Listen again to LPO performing Mozart’s Violin Concerto No. 5 with Janine Jansen, Tchaikovsky’s Manfred Symphony and Julian Anderson Fantasias.

LISTEN AGAIN

 

Janine Jansen returns to play Prokofiev’s Violin Concerto No.2 in G minor with LPO on 1 February

Martin Feinstein on glittery waistcoats, death-bed music and the nature of perfection…

Martin Feinstein’s hugely popular Bach Weekend returns to Southbank Centre this March to take its place as a highlight of the classical calendar. Martin talks to us about how he became obsessed with Bach and the unusual apparel he wears when he plays…

For more information about the Bach Weekend, Friday 25 – Sunday 27 March, please see here.

Your interest in Baroque music seems to have begun at an early age – what is it about the music of Bach that particularly grabs you?
Well that’s not actually entirely true… I started as a jazz pianist and I didn’t even learn to read music until the age of fifteen! I absolute rejected this classical music lark because that’s what all my family did, but then I heard one of my father’s reel-to-reel tapes of a Bach cantata and was profoundly moved by it.
Then I took up the flute at sixteen and everything sped away from there really, to the Royal College of Music at eighteen and an obsession with Bach that has been with me ever since.
So do you think your grounding in jazz music, in improvisation and learning music without notation, has affected how you play even now?
Well once my music disappeared in the middle of a concert and luckily it wasn’t disastrous because I was able to carry on playing – everyone was terribly impressed that I’d ploughed on through and could play without the music!
I think it has made me more improvisatory in my performances, and it’s definitely part of who I am.
Is there a piece of music you would pick out as one of the ‘best’ works ever written?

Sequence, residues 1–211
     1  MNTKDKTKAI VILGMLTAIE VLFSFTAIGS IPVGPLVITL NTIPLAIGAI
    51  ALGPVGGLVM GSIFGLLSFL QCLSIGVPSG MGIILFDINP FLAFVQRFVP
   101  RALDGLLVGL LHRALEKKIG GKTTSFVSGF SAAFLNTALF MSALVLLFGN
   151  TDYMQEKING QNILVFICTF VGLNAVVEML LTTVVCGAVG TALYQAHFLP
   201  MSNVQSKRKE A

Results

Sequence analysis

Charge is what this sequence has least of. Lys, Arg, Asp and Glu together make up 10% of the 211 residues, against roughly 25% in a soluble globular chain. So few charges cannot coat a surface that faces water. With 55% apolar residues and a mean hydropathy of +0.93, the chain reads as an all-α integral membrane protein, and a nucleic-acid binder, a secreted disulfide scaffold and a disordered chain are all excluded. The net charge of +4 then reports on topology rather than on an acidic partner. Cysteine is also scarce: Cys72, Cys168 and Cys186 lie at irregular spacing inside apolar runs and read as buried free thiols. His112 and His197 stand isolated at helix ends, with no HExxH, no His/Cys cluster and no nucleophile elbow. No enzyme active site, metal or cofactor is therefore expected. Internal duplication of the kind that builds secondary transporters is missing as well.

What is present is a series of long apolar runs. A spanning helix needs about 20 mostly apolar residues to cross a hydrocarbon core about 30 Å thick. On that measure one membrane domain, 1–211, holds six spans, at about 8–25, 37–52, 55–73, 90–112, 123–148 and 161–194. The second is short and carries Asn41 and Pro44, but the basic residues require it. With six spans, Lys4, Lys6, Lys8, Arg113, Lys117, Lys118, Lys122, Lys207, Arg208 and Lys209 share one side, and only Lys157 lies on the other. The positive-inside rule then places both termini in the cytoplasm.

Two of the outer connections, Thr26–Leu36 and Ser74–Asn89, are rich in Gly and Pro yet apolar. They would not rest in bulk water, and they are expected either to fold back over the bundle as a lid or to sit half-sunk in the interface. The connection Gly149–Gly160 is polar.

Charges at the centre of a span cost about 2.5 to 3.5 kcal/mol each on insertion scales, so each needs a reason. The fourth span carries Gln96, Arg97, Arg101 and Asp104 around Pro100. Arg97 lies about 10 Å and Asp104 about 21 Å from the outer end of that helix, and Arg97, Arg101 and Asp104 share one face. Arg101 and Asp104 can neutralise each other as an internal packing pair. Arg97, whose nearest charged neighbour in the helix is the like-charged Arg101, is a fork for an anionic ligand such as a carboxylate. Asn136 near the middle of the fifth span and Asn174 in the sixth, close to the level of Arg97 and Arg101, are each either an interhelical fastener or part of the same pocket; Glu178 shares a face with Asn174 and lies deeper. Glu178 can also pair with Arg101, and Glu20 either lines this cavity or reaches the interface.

Mozart’s G minor string quartet may be close to the most perfect work structurally. It is almost flawless.
And is there a work that is for you, emotionally, especially important?
A friend of mine, Richard Campbell, died recently and we had a memorial concert for him with lots of emotionally powerful music, including the Trauer Ode which we’re playing at the Bach Weekend, but the piece that particularly stood out for me was Dido’s Lament.
What is the most played piece of music on your mp3 player or in your CD collection?
An aria from cantata BWV 42, by Bach of course. 12 minutes of tear-jerkingly wonderful music. A piece so wonderful that if you were on your death-bed you would say ‘I want to hear that’ and it would make sense. A good way to judge a piece of music I think.
Do you have any strange rituals you carry out before or after you perform?
No, but I have an array of glittery waistcoats that I change according to my mood. At the moment I’ve been going for a zig-zag silver one as a way to motivate myself to be cheerful!
And I have very big black shoes. I started wearing these when I switched from modern flute to Baroque flute, which is a pretty tricky thing to do, perhaps especially for men – you move from this great honking, loud instrument to this rather feminine one, so I felt I had to assert my masculinity by wearing these enormous platform black shoes.
What – or where – is perfection?
Playing beautiful music with friends, and feeling that the audience get real pleasure from it and are moved by it. Because that is one of the things in life that ultimately makes it all worthwhile.

Your chance to star in OAE’s marketing campaign!

Followers of the OAE will know that they like to have a distinct ‘look’ to the marketing of their seasons, with every year’s campaign starring the people that make the OAE special – the musicians.

For the 2012-2013 season campaign they are trying something a little different with the OAE audience staring in photographs alongside the musicians.

They are on the look out for OAE fans with what might be called a ‘strong look’ and will be picking 4-5 people to be photographed alongside the Orchestra, to be featured in their new brochures and marketing material.

More info / Apply